Anti-anxiety drug may help nix heart attacks.
In 1978, Folts and his co-workers at the University of Wisconsin-Madison, discovered that giving aspirin to dogs with narrowed coronary arteries did not prevent heart attacks if the dogs also had high blood levels of the hormone epinephrine. He found that epinephrine contributed to heart attack risk by promoting the aggregation of platelets, the blood cells that drive clotting.
Aspirin helps prevent blood clotting by binding to a specific receptor on the platelet surface. But it does nothing to reduce anxiety-driven heart attacks, because epinephrine -- the "fight-or-flight" hormone associated with anxiety -- does not act on platelets through the same receptor, Folts explains.
His team has now tested alprazolam and 10 dogs treated with aspirin for several days and then given an infusion of epinephrine. Only one dog developed clotting in the coronary arteries (coronary thrombosis), Folts reports. But when the same dogs received only aspirin before the epinephrine infusion, seven of the 10 developed the heart-threatening blood clots. Similarly, dogs given only alprazolam alone showed no reduction in coronary thrombosis.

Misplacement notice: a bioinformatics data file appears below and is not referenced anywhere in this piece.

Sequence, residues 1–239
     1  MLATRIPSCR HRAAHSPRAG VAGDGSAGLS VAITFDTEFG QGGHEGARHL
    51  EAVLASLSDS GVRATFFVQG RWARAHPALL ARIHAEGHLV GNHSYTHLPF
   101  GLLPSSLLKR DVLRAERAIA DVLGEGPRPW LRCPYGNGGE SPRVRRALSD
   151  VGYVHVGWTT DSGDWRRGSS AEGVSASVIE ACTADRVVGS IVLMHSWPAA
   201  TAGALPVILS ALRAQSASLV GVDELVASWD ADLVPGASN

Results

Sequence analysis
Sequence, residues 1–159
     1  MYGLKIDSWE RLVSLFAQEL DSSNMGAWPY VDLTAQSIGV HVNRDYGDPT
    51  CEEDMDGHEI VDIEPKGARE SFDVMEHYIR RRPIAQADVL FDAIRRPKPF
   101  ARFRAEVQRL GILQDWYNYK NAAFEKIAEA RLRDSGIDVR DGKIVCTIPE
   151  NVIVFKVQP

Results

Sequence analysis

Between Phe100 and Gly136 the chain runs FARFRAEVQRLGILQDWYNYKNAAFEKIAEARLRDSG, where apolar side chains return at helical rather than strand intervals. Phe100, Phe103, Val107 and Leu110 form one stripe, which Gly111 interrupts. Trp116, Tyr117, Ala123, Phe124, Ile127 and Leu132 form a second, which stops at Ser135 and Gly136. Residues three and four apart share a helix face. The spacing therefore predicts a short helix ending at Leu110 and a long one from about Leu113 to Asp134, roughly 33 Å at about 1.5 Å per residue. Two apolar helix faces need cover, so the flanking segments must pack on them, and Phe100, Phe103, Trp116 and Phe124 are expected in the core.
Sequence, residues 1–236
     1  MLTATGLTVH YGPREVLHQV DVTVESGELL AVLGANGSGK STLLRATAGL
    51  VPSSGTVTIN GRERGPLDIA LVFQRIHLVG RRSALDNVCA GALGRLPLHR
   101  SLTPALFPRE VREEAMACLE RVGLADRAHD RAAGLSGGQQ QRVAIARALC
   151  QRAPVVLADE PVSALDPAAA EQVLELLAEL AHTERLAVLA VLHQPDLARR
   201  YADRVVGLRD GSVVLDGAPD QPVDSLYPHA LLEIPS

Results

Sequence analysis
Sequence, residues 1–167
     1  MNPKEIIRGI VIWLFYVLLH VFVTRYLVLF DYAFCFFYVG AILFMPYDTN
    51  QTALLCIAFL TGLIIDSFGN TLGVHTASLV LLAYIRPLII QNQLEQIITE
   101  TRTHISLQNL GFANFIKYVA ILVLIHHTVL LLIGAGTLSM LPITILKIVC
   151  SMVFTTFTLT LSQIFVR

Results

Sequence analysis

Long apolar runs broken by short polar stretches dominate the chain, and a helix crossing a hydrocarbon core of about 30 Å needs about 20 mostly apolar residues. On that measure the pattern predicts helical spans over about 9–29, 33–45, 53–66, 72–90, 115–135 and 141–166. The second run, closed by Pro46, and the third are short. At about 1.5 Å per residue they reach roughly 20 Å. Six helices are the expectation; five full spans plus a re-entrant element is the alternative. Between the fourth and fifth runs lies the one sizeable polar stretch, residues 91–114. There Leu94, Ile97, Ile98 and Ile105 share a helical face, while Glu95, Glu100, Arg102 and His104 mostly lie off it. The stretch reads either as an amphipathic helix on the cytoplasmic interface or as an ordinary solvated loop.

Aspirin plus alprozolam "apparently shows complete protection" from heart-attack-causing blood clots, Folts asserts. Alprazolam's protective effect does not result solely from its mood-calming capacilities, he maintains, citing studies at the University of Texas Southern Medical Center in Dallas, in which aspirin combined with the sedative diazepam (Valium) did not ward off coronary thrombosis in patients recovering from heart attacks. Folts suggests that alprazolam acts by blocking platelet-activating factor, a clot-inducing protein produced by cells lining the blood vessels.
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|Title Annotation:||alprazolam adds to apirin's ability to prevent blood clots|
|Date:||May 4, 1991|
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